'Banished' Burton is key to turning around our fortunes
Far from being overlooked, Joan Burton has the vital task of getting people back to work, says Kevin Rafter
The shafting of Joan Burton caused many tearful moments when Labour Party members gathered last Wednesday evening at the Radisson Hotel in central Dublin. Despite nine years as her party's spokesperson on finance, Burton was the principal loser in an internal power-play, leaving a sour note on a night of celebration.
By common consensus Burton had been banished to the backwater of social protection. But amid the focus on personality, and the winners and losers from the cabinet merry-go-round, little attention was paid to the appointment of a Labour minister to a portfolio pivotal to the country's economic revitalisation.
The crisis in the Exchequer finances and the collapse of a normal banking system brought the IMF and the ECB to Ireland. The two international agencies showed less interest in our other crisis -- unemployment. Ireland will only grow again when jobs are created, and that agenda has to make employment the only attractive option for those on the dole.
Joan Burton will have little time to pine for what might have been. The unemployment rate last month stood at 13.5 per cent. Figures from the Central Statistics Office put the numbers out of work at 439,200. A short trip down memory lane shows the gravity of the current situation. In January 1978 Jack Lynch accepted that if unemployment went above 100,000 his government deserved to be put out of office.
But the numbers out of work kept increasing. And when unemployment broke the 300,000-barrier in early 1993, RTE broadcast a radio series called The Jobs Crisis. One participant in the series, economist Colm McCarthy spoke about the "pathological failure in which we now find ourselves". If the number on the dole was a "crisis" and a "pathological failure" at 300,000 then it is hard to find an appropriate description for the current number of 439,200.
For a generation the Irish social welfare system has been built on the principle that those on welfare should be as well off as those in work. Few disagree with the concept of a safety net -- the social protection in the new minister's title -- but real fairness has to mean payment for work is higher than dole payment.
New research from UCD put the numbers better off on welfare at about 4 per cent of those on the live register -- still a sizable 18,000 people but even those figures are contested and may be higher. Two years ago the Department of Finance said there were significant numbers on the live register "who are in a position where the difference between in-work income and out-of-work income reduces the incentive to work". That conclusion followed an economic survey by the Organisation for Economic Cooperation and Development (OECD), which warned that there was a risk that the high unemployment rate could be sustained due to generous welfare benefits.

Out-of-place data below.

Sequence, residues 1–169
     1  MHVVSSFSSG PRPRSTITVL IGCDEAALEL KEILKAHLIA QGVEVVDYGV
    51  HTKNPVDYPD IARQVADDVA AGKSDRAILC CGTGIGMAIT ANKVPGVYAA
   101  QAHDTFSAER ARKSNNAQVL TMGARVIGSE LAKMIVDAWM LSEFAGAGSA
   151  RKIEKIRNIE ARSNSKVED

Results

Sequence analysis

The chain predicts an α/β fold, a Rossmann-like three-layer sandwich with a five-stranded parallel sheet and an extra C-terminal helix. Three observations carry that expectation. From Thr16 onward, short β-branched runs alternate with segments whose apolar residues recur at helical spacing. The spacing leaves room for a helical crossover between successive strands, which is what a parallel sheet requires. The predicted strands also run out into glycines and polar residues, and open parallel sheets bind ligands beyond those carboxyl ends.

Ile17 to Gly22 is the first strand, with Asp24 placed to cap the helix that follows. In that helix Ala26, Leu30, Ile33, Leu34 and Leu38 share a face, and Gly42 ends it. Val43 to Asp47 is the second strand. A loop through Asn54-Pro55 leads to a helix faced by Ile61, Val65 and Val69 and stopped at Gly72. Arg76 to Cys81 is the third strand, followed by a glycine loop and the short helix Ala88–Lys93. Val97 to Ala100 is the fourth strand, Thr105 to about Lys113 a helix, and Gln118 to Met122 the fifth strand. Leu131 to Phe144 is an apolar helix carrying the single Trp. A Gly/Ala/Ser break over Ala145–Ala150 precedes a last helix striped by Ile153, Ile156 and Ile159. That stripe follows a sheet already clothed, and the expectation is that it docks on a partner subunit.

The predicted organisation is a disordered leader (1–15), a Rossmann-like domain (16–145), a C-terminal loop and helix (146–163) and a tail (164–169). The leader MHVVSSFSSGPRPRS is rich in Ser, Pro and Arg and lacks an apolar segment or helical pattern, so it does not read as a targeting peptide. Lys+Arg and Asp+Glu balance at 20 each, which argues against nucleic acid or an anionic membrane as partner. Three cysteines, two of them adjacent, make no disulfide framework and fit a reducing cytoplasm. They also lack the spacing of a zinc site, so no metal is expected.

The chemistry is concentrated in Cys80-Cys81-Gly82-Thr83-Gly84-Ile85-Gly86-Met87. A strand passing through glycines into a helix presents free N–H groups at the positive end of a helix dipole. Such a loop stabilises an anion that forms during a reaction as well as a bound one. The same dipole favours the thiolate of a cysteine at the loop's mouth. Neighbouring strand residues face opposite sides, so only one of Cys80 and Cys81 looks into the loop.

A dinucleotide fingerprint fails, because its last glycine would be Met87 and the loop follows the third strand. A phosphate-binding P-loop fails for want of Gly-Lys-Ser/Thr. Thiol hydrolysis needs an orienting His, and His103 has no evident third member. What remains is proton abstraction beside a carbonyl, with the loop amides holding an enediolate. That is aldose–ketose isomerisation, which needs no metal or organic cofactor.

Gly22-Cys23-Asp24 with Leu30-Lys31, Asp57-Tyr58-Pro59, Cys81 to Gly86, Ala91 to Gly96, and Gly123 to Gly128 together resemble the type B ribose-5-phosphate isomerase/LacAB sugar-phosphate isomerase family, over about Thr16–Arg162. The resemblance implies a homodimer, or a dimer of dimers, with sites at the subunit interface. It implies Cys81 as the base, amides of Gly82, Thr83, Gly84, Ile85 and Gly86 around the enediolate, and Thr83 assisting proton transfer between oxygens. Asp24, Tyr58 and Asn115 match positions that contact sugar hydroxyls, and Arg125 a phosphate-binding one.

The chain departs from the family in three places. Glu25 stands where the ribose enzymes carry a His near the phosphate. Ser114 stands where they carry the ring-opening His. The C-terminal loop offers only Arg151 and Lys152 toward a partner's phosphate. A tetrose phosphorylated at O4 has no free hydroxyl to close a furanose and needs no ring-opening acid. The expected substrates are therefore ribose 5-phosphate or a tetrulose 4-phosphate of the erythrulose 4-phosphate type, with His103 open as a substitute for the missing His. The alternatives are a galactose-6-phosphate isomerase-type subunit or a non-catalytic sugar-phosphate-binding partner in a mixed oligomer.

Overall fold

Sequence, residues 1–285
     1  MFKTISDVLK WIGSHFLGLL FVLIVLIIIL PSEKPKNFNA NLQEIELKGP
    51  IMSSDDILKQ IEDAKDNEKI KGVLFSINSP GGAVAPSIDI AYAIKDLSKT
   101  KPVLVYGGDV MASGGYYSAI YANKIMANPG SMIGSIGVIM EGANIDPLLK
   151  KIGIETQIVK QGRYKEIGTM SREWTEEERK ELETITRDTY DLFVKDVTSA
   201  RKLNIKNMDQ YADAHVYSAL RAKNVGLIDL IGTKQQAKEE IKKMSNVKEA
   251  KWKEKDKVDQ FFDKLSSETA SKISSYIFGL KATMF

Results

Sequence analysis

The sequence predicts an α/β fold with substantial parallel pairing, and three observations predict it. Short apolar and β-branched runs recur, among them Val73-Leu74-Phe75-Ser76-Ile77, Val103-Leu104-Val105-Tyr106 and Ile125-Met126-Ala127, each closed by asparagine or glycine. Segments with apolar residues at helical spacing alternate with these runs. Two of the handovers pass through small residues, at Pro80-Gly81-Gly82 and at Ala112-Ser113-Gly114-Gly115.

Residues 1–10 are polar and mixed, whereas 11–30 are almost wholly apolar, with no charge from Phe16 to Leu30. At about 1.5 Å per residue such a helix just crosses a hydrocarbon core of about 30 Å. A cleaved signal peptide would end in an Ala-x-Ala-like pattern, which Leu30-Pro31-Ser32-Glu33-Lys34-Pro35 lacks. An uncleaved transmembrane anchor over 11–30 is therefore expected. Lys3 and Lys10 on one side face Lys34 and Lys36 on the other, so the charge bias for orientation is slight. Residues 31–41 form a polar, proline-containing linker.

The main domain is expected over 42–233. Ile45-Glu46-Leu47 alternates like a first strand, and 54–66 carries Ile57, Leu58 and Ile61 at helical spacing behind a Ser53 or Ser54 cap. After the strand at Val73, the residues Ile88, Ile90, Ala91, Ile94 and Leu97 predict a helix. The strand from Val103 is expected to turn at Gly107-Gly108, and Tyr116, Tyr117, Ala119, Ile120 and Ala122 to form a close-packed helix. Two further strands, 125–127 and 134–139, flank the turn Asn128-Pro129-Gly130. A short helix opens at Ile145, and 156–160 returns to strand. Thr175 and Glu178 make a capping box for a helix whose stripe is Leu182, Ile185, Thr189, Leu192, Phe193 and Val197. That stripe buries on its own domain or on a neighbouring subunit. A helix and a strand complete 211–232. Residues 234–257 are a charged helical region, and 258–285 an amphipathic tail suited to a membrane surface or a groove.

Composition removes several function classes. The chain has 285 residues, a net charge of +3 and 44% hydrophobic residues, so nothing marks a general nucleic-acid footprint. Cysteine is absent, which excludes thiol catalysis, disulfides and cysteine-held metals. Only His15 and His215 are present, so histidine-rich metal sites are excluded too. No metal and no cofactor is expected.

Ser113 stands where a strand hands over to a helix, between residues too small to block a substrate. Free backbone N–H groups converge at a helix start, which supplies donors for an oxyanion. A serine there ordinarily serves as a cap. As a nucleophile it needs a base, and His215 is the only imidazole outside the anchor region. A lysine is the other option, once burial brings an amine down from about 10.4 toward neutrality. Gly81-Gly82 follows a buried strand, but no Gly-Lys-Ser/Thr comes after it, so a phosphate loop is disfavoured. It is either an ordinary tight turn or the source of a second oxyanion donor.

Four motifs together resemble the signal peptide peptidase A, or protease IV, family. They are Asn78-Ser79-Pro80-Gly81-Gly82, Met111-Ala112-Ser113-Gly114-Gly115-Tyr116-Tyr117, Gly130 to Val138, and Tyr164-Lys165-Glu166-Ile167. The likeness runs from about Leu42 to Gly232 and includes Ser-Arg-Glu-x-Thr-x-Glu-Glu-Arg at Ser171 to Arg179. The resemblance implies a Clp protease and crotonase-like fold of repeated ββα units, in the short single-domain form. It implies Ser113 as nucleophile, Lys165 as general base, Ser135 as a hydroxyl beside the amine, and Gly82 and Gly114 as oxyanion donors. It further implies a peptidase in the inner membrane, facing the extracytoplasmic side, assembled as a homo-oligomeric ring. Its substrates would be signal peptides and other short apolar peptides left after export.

The new Coalition's Programme for Government tip-toes around this fundamental issue. The document promises "the elimination of disincentives to employment" but pledges not to cut social welfare rates. It is hard to see how one can be done with the other. A Commission on Taxation and Social Welfare is to make recommendations on the taxation and welfare systems to ensure that work is worthwhile.
But Burton should dispense with the idea of a commission. Most of the evidence is already available and could be pulled together by a half-decent researcher in a matter of weeks. The starting point is obvious. Burton's Dublin West constituency rival, and now cabinet colleague, Leo Varadkar, has had no difficulty in spelling out the solution.
Varadkar targeted young jobless people, who sign on and find their benefit levels make working less financially attractive. He told the Dail some time ago: "Nobody under 25 should be on the dole. Perhaps it is all right for people under 25 to be on it for two or three months when between jobs, but not after that. We must create a situation where people under 25 who are not in work are given a position in training or education, but they must also be told that it is not acceptable for them to continue to be on the dole and refuse jobs, training or education."
The Fine Gael election manifesto was equally clear: the party said it would no longer subsidise a passive welfare system that did not get people back working. Burton would do well to ponder this. People who are working should be better off than those on welfare. And welfare should be a safety net not long-term income. Social protection has to be redesigned to make work the priority. And before the lefties in the technical group start jumping up and down -- that's not right wing. It's just right.